Road trip to grant wishes to foster care youth

One woman takes a journey into the “foster care village” across the United States

Photo: Foster Focus Magazine

WASHINGTON, DC, June 26, 2012 — One Simple Wish is a website-based organization whose goal is to connect children and families in need with their wishes, which might include anything from family trips to custom-fitted cars to basic school supplies.

Danielle Gletow is the Founder & Executive Director of One Simple Wish and has been a passionate advocate for children’s rights and foster care reform for nearly a decade.  She has appeared on The Nate Berkus Show & in Woman’s World Magazine to share her journey about adopting through foster care & creating One Simple Wish.

She was part of a team that embarked on a mission to deliver gifts in spring of 2012.  This is her story of road trip revelations:

Danielle Gletow

On May 3, we pulled our 28-foot RV up to Broad Branch Market in Washington, DC and filed out with signs, awareness bracelets, and a large check in hand. 

At this point, the One Simple Wish crew had been on the road for just three days.  We had left Trenton, New Jersey on May 1 to begin a nearly 6,000 mile journey across the United States to grant thirty wishes in thirty cities in thirty days to kids in foster care.

One of the most powerful experiences for me was in Washington.  We were there to see Sam, a young man who, at nineteen, had aged out of foster care. He is one of the nearly 20,000 who age out each year without being adopted by a forever family. 

This was our second encounter with Sam and his smile was just as welcoming as it had been when we had met him in February at a pediatric rehab center outside the District. 

Sam had grown up in foster care, suffering abuse in one home and moving several times before settling in with “Miss Betty.” Living in foster care had been difficult.  Also difficult was dealing with medical issues stemming from cerebral palsy.

People who don’t know Sam might think he’d have a lot to feel sorry for himself about.  The hand he was dealt in life just didn’t seem fair.  But Sam isn’t like most people; he radiates the kind of positive energy, love and hope that you might expect to see from a Yogi.  He is the kind of guy you can’t help but love instantly.

Sam’s one wish was for a handicap-accessible van. He wanted to be able to do all the things that anyone his age would do: hang out with friends, go to the mall, find a girlfriend. When I learned about Sam’s wish, I made it my personal mission to raise enough funds to get him the van. 

Despite my efforts, fundraising proved more difficult than expected. When our crew arrived in DC we were able to present Sam with a check for $2,000, the start to what we still hope will become enough to get Sam the van and the freedom he wishes for.  (For more about Sam visit www.onesimplewish.org/samswish)

Sam was surrounded by his support system that day: his caseworker, his legal guardian, and several friends.  And as we traveled beyond DC we found that it is these people — an intricate, eclectic mix of professionals, advocates, mentors and caregivers — who are truly at the core of the positive side of our nation’s child welfare system.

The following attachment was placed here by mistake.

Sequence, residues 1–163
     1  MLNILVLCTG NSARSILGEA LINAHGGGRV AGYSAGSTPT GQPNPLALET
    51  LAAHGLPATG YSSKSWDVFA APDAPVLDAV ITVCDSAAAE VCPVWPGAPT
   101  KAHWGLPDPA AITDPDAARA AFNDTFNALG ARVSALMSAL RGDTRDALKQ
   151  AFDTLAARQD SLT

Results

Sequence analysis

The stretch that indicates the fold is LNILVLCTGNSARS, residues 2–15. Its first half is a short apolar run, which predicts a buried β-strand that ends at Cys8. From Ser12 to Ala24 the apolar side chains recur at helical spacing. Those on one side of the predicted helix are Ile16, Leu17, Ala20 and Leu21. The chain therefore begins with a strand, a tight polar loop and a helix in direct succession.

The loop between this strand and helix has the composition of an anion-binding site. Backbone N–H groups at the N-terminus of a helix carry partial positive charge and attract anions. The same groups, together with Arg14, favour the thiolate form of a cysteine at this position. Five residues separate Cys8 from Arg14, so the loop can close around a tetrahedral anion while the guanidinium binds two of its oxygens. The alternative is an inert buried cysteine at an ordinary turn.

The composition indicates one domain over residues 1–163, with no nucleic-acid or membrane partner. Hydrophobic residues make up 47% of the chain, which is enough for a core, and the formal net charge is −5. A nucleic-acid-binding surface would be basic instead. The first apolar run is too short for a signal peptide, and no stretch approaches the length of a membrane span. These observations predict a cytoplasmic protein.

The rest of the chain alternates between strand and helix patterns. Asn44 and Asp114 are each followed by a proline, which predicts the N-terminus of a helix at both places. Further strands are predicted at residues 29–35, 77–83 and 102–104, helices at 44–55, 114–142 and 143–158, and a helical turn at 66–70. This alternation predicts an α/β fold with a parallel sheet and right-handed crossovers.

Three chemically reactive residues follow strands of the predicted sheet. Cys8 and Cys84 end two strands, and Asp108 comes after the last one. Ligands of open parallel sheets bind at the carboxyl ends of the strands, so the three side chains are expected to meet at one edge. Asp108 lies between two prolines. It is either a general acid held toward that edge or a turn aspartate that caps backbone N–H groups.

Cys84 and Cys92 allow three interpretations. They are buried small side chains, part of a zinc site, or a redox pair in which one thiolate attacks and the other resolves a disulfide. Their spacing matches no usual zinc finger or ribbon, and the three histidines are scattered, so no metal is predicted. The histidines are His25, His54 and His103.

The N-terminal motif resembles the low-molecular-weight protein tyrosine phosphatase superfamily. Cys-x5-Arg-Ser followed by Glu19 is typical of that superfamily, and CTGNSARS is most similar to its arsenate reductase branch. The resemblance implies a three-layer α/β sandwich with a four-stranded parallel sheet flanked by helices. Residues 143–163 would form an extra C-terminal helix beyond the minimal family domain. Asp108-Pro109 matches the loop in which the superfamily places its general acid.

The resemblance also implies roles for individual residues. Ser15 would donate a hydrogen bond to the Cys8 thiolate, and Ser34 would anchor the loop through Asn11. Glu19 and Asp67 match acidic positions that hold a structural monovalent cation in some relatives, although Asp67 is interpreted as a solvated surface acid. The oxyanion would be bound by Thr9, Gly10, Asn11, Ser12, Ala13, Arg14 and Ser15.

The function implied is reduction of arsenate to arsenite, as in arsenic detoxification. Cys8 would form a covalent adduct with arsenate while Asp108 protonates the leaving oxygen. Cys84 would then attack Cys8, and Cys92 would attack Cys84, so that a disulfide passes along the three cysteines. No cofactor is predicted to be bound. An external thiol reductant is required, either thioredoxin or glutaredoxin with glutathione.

These are the people who are making up the villages that are raising children in foster care.  They may not agree on politics, religion, or social issues, but they stand together on one common platform: the need to rally around these vulnerable children to make sure they feel supported, loved and nurtured. 

Our journey took us to thirty cities in nineteen states and introduced us to hundreds of people who make up “the system.”  It is filled with people who truly want to see children succeed — to see cycles broken and futures built.

Since 2008, One Simple Wish has been doing more than just granting wishes to kids in foster care. We are also enabling people from all walks of life to show a child that their voices, their hopes, and their wishes matter. 

This program was founded on the belief that there is goodness, love and support in this world for everyone, especially children who have suffered unimaginable loss and trauma.  We are helping to expand the network of people who are helping kids when they are at their lowest lows and who are helping them celebrate their greatest achievements. 

We are rallying more people together to join the village we all know it takes to raise a child.

For more on One Simple Wish visit www.onesimplewish.org


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Andrea Poe

Andrea Poe is a veteran journalist, whose work has appeared in thousands of publications, including Town & Country, Marie Claire and Entrepreneur.  She is the author of several books and her work has appeared in many others, including anthologies and college textbooks. 

Andrea serves as editor of the Travel & Food section at The Washington Times Communities.  Her love of travel has led her to cover everything from remote villages in the Andes to her hometown of New York, from Paris to Pittsburgh, from Beijing to the Bahamas.  No matter where she travels, she likes to uncover the unusual and share with readers those often-overlooked aspects of a place and its people.  She dubs her column Raven’s Eye as a nod to her illustrious (and, yes, infamous) relative, Edgar Allan Poe, a writer who knew more than a little something about the quirky and unique.  

Andrea is also mother to Maxine, who was adopted from Vietnam in 2006, and is the inspiration for The Red Thread column on adoption at The Washington Times Communities.   Andrea is currently at work on a book on international adoption.

In addition to her work as mother, writer and traveler, she is the founder and president of Media Branding International, a consulting firm that helps individuals and organizations craft and promote their image in media outlets around the globe.

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